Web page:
I have a soft spot for books on frugality, so when I spotted on the new releases shelf at my local bookstore, I had to read it. Are there a lot of good ideas inside for how to reduce your financial footprint, or is it a bunch of self-promotion and hot air? This week, I’m going to dig into this book and find out whether it’s worth your time.
The full title of this book is actually , an overly wordy title that does actually get the point of the book across pretty clearly. In a nutshell, it’s a lifestyle guide to frugal living, one that I was happy to see come out because there simply aren’t that many strong books on frugality.
Right off the bat, the entire purpose of the book is laid bare, as it gives you three principles for getting you right on the money:
Avoid debt like the plague Debt means that you take your hard earned money and just hand it to someone else in exchange for nothing but instant gratification. Rather than using credit to buy things, you should save up the cash and let the interest work in your favor, not in the favor of some banker willing to lend you money – and take back even more money.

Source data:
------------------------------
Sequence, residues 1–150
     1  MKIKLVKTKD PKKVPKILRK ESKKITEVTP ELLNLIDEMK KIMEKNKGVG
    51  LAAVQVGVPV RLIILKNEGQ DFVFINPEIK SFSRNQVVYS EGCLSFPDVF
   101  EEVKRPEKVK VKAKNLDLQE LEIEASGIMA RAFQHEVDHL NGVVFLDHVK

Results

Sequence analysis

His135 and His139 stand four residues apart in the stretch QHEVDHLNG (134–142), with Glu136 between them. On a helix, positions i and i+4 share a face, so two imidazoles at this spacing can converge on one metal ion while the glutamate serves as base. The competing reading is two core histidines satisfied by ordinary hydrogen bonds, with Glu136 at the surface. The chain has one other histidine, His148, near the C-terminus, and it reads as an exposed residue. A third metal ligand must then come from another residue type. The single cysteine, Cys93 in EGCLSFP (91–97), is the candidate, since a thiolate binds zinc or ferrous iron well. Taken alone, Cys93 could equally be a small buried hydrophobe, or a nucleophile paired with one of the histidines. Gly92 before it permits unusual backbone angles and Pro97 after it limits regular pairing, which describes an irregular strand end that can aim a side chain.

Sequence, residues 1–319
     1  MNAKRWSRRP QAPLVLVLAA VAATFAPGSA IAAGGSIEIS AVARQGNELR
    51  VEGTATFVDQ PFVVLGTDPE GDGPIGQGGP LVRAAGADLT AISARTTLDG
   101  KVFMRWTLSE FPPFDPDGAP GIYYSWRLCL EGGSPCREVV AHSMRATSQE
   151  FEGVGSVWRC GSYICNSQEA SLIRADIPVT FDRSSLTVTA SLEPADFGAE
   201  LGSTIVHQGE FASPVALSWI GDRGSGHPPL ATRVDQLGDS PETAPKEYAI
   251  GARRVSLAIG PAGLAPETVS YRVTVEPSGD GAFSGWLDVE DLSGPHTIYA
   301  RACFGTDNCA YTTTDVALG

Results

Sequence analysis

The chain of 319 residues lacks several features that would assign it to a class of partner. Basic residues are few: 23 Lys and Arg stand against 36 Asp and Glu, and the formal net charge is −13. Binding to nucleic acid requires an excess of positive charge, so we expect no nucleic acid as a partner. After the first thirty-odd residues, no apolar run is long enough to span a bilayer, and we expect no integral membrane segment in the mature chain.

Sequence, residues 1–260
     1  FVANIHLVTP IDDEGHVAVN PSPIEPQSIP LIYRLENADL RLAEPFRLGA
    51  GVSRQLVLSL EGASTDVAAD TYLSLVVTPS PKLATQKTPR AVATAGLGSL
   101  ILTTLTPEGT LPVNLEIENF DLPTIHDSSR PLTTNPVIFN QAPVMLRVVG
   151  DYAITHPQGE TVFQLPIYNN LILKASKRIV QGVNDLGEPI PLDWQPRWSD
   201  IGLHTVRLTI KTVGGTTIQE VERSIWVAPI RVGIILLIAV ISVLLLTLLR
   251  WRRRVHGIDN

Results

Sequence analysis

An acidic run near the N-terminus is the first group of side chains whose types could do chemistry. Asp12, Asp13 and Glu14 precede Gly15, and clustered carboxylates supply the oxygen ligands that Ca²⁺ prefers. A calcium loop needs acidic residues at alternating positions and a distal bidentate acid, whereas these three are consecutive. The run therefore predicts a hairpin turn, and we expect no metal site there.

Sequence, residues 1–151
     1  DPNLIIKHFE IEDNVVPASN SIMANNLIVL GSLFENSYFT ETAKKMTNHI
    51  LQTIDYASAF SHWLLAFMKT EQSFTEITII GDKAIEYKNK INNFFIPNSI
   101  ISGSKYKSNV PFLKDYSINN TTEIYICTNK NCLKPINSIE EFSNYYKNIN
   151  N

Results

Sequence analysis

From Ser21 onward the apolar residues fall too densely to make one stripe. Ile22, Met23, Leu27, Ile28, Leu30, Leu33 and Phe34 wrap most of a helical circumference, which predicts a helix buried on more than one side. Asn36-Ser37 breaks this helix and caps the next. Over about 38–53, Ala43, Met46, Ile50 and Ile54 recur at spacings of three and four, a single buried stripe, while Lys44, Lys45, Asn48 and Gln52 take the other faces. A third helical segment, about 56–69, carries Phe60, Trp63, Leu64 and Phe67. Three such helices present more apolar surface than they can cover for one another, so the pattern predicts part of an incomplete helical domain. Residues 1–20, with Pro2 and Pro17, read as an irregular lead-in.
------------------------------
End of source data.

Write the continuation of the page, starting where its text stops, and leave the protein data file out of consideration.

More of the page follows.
Live below your means This book believes strongly in the concept of the written budget, something I’m not wholly sold on. However, I do agree that you should spend less than you take in every month, and the greater the difference between the two numbers, the better off you’ll be in the long run.
Embrace the thrifty lifestyle The authors pitch living thrifty as being like a game, one in which savings in time and in money are the prize. Every time you can do something that saves you money or time, you’re winning, even if it seems like a pain to get started. I agree: that kind of attitude will win some serious rewards over the long run.
The book is divided into fifteen chapters, so for each of the next three days, I’ll cover five chapters, then on Friday, I’ll give a “buy or don’t buy” recommendation for this book.
America’s Cheapest Family is the seventeenth of fifty-two books in disclaimer-statement.info’s series 52 Personal Finance Books in 52 Weeks.